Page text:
Enjoyment is in The Waiting… Insight from Martha

Last month I promised to tell you results of my experiment in Radical Fun. This month I will be somewhat cryptic, because although things are in process, they are not yet signed, sealed, and delivered. I will say however, that even the pursuit of these radically fun ideas has, itself, been radically fun.
 
This has led me to think—a rare but thrilling experience for me—and my thoughts are that as I wait for things to be signed, sealed, and delivered, I have the capacity to derive immense enjoyment from the challenge of creating in form what I have pictured in my imagination.
 
It seems to me we do this all the time: we spend months or years in anguished waiting, thinking, and longing for the day that things are signed, sealed, and delivered, and then we will be free to enjoy ourselves. To draw this to its logical conclusion, I suggest we all do what Salvador Dalí was rumored to have done—purchase our own coffins, climb in, and pretend we are all finished with everything, forever.  The fact is, as long as we are breathing, the conditions of our lives will always be in flux, our ships still sailing in, the things we already own potentially dissolving (or disappearing). To accept that fact without anxiety is to enjoy the process of living. Anything less, and we are simply suffering until we die.
 
Try a thought experiment with me: Recall something good that happened to you in the past which required some level of patience. Maybe you started a business and didn’t know for a while if it would succeed. Maybe you fell in love and weren’t sure if the object of your affection would love you back. Maybe you planted weed in the back of your walk-in closet and had to wait to see if it matured before the authorities caught you. Were you relaxed and jovial awaiting the outcome? (Remember I said before the weed matured). If not, if you spent sleepless nights or anxious days anticipating an outcome you could not control, welcome to the club. Most of us do that. Now imagine that you knew beforehand that all would go well—as in fact it did. Imagine the feelings of anticipation, the delight, the happy planning, and the joyful discussions with loved ones you could have had in the absence of that anxiety.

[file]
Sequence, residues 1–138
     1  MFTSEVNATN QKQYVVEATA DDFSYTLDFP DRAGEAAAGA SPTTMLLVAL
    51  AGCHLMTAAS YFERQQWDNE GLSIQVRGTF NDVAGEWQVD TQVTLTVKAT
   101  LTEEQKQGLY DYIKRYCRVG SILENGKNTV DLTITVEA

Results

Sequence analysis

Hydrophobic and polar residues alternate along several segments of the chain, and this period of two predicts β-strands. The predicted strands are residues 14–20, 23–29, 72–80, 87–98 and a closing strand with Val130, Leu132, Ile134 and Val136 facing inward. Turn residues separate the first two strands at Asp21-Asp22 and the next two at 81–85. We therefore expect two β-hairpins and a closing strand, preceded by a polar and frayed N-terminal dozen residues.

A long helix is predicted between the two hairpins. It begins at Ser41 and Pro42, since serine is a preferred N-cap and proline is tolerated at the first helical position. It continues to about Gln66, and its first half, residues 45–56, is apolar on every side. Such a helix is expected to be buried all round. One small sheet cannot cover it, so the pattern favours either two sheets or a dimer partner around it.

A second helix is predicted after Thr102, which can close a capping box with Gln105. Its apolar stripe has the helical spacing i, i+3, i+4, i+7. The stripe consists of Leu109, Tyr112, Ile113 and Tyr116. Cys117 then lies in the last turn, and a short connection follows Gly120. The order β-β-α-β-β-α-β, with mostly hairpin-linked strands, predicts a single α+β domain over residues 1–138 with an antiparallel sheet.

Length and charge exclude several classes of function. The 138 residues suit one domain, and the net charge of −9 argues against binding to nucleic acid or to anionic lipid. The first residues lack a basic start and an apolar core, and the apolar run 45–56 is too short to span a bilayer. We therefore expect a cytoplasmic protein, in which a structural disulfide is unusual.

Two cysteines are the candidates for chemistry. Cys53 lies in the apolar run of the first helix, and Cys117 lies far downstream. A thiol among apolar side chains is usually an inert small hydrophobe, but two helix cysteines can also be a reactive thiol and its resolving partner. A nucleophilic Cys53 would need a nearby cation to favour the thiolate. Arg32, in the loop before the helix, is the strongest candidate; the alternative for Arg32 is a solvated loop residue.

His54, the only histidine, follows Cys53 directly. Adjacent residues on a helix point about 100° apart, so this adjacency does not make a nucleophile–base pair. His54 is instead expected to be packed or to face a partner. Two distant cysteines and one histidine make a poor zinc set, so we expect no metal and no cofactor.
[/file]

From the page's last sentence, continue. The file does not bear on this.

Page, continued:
Now notice that even if you had been disappointed, that period of positive anticipation could have been enjoyable, in and of itself.
 
I think the key to this kind of enjoyment is to relax around the concept of disappointment. Tension and anxiety won’t make you less disappointed if you don’t get what you want. So you might as well dive in and enjoy optimism knowing that while you cannot control all outcomes, you can control how well you cope with circumstances that hurt your feelings.
 
My favorite story about handling disappointments comes from the India guru Amrit Desai. He had a collection of very rare crystals that he’d accumulated over many years. One day his cleaning lady knocked over a display case and smashed most of the irreplaceable crystals. When she tearfully pointed out her mistake, expecting a violent reaction, the guru shrugged and told her “Those things were for my joy, not for my misery.”
 
This month, accept things for your joy instead of making them the reason for your misery. Hope for your wildest dreams to come true, and then spend all your time imagining, discussing, dreaming, and enjoying the happiest possible outcome in advance. If your heart’s desire does not happen, you have my permission to be extremely disappointed—but not for very long.
 
The fact is, the only reason you are alive is that far more has gone right for you than has gone wrong. Your dreams are for your joy; even if they lie crushed on the ground, you need not make them responsible for misery. If you raise your eyes from the shards you’ll find more dreams all around, and many of them can come true. As Marcel Proust wrote, “If a little dreaming is dangerous, the cure for it is not to dream less but to dream more, to dream all the time.” 
 
I’ll update you next month, but in the meantime I plan to enjoy myself!

How to Break Through Old Limitations: Insight From Martha